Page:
Kiss on My List

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"Kiss on My List"
Single by Hall & Oates
from the album Voices
A-side Kiss on My List
B-side Africa
Released January 24, 1981
Format 7", 12"
Recorded 1979
Genre Pop, Soft rock
Length 3:47 (45 version)
Label RCA
Writer(s) Janna Allen, Daryl Hall
Producer(s) Hall & Oates
Hall & Oates singles chronology
"You've Lost That Lovin' Feelin'"
"Kiss on My List"
"You Make My Dreams"

"Kiss on My List" is a 1981 song recorded by Daryl Hall and John Oates. It was written by Janna Allen and Daryl Hall, and produced by Hall and Oates. It was the third single from their album Voices, and became their second Billboard Hot 100 number-one single (after "Rich Girl" in 1977).

While two other songs from the album had returned the duo to chart activity, it was the success of "Kiss on My List" that confirmed the start of the duo's sustained run as one of American pop's top-selling acts, a run that lasted into 1989.[citation needed]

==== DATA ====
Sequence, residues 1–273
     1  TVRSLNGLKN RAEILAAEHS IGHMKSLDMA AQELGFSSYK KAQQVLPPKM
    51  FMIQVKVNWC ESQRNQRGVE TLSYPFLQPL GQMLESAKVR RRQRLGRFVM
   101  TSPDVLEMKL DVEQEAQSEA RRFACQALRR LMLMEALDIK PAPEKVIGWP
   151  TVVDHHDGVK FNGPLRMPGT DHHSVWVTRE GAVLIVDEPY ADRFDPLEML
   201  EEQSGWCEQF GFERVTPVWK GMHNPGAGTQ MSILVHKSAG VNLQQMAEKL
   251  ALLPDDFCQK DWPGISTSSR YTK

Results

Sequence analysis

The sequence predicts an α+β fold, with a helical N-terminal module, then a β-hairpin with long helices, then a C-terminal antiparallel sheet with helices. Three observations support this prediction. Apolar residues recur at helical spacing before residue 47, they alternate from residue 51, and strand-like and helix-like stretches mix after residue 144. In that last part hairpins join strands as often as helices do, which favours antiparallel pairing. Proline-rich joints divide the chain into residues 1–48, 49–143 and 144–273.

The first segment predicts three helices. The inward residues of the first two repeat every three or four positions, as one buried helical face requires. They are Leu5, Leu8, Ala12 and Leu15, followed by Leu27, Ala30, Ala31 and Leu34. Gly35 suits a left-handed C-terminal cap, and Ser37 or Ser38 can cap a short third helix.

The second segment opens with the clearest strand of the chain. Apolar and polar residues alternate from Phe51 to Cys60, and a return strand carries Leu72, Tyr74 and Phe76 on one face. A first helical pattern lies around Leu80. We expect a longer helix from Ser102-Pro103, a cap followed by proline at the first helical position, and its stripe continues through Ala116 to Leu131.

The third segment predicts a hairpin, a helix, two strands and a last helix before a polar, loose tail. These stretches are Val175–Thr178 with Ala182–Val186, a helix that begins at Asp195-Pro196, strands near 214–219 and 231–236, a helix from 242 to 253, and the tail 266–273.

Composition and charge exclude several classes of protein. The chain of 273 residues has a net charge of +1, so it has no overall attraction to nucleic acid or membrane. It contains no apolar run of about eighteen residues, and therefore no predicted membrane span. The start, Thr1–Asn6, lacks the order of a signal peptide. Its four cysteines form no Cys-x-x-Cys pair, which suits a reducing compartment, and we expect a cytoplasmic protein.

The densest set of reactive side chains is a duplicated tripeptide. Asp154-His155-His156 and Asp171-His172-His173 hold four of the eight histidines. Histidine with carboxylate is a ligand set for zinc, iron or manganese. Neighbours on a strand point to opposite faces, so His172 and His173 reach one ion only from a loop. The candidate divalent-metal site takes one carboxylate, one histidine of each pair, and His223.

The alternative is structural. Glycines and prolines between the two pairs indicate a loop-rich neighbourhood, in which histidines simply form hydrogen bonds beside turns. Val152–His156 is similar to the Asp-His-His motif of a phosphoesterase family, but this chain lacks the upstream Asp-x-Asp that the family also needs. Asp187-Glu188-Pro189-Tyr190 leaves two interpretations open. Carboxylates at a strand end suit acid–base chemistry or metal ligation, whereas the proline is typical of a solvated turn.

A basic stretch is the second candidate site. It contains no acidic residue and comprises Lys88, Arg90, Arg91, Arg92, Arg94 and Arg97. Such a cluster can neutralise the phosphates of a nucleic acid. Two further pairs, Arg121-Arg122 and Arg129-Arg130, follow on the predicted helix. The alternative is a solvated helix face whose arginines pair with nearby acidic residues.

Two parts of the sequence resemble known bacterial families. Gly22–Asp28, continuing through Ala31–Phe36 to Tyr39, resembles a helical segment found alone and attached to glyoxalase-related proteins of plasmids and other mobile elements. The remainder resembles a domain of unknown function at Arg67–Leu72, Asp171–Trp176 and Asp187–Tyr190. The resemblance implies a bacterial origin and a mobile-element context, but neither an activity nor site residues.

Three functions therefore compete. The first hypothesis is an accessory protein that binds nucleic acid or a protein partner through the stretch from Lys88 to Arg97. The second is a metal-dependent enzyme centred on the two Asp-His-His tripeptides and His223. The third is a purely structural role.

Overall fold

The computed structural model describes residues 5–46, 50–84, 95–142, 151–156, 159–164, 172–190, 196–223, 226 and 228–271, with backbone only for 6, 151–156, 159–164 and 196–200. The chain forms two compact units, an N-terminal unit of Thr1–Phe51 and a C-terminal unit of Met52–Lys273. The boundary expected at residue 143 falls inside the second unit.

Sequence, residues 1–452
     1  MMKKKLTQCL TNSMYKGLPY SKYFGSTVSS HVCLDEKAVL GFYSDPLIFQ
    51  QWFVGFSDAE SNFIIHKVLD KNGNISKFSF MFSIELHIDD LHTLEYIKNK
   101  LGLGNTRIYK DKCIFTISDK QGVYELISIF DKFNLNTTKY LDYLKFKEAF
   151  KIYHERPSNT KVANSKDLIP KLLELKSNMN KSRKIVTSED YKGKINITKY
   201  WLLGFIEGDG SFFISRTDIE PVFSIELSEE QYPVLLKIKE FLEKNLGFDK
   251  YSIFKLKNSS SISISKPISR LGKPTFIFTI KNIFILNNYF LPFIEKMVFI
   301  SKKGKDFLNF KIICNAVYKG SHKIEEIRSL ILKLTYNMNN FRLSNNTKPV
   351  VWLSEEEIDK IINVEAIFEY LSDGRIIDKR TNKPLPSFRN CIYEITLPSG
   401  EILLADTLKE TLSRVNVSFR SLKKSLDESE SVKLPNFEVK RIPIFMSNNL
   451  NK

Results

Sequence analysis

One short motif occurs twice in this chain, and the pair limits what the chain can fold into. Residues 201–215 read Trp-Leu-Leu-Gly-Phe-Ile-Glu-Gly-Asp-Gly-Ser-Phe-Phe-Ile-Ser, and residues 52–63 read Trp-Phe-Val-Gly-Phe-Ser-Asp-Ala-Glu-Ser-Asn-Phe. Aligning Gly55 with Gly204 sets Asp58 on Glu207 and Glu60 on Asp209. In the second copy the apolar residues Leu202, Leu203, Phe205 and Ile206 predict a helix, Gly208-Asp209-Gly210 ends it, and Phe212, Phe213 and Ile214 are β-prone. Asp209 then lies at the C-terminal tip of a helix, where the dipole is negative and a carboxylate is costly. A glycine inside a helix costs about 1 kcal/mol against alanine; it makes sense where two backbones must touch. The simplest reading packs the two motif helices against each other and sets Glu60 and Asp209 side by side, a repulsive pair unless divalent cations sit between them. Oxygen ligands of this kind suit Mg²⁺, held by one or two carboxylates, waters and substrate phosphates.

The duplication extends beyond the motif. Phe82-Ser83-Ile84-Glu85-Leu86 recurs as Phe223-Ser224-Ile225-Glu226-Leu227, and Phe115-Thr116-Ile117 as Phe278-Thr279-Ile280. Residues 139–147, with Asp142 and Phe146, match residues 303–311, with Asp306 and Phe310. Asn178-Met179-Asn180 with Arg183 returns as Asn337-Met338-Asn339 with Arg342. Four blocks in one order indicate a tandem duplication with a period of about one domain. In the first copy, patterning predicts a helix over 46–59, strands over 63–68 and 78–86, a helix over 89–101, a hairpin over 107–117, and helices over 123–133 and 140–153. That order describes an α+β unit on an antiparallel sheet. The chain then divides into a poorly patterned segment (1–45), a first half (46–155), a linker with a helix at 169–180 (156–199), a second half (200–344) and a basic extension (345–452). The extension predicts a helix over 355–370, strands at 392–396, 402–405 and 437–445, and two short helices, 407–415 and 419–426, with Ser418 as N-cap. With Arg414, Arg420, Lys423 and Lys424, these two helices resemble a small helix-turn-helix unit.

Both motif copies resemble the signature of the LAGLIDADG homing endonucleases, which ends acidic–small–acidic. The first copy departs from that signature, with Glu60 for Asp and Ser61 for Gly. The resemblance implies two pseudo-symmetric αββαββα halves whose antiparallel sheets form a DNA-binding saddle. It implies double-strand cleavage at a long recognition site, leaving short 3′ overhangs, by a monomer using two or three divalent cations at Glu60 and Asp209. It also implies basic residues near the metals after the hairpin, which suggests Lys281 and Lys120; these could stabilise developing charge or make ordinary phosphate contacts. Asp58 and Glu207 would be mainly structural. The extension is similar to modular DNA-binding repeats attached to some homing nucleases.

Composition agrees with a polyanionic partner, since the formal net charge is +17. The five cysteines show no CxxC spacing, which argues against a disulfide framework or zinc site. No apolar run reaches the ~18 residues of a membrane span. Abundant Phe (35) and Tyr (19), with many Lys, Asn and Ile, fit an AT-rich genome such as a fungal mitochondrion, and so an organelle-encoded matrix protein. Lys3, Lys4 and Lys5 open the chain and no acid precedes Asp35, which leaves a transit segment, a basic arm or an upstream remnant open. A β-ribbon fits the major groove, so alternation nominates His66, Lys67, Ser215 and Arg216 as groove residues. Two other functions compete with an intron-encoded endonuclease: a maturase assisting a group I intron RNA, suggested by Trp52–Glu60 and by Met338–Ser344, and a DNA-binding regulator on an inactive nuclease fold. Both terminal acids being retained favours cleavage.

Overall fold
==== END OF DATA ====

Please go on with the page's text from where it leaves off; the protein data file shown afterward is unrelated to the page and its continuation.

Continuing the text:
According to Daryl Hall, Eddie Van Halen copied the synth part of this song and used it for the song "Jump" by Van Halen.[1]

In popular culture[edit]

"Kiss on My List" can be heard in the films She's Out of My League and You Again.

The song is a popular track for use during "Kiss cams" at stadiums and arenas.

The song is to be featured in a Soft Rock DLC on the video game, Rocksmith 2014.

Cover versions[edit]

In 2010, The Bird and the Bee covered the song as well as referenced it in another song, "Heard It On The Radio", for their tribute album Interpreting the Masters Volume 1: A Tribute to Daryl Hall and John Oates.

In 2014, The Family Crest covered the song for Grey's Anatomy Season 10, Episode 16 as a part of the Grey's Anatomy '80s cover project. The episode aired on March 20, 2014.

Chart performance[edit]

Chart (1981) Peak
Canadian Singles Chart 7
New Zealand Singles Chart 33
UK Singles Chart 33
US Billboard Hot 100 1
US Billboard Hot Adult Contemporary Tracks 16

See also[edit]


Preceded by
"Rapture" by Blondie
Billboard Hot 100 number-one single
April 11, 1981 – April 25, 1981
Succeeded by
"Morning Train (Nine to Five)" by Sheena Easton